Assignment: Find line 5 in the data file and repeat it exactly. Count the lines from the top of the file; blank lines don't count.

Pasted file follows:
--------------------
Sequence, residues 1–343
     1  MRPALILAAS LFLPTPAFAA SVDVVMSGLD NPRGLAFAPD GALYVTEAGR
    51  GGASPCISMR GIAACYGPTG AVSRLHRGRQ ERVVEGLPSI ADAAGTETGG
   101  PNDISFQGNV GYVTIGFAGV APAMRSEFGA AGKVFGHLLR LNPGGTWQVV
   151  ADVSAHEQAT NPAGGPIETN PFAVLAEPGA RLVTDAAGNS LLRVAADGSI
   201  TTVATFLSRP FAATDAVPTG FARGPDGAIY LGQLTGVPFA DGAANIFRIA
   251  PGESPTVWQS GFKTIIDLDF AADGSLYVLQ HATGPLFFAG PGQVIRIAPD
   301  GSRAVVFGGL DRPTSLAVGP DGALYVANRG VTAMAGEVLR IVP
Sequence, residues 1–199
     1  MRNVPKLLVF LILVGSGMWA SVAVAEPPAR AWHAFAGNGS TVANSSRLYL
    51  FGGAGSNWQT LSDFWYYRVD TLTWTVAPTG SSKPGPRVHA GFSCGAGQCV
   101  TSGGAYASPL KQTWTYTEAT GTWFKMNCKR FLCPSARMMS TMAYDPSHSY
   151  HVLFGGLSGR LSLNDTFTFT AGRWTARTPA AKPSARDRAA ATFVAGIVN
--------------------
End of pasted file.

   151  ADVSAHEQAT NPAGGPIETN PFAVLAEPGA RLVTDAAGNS LLRVAADGSI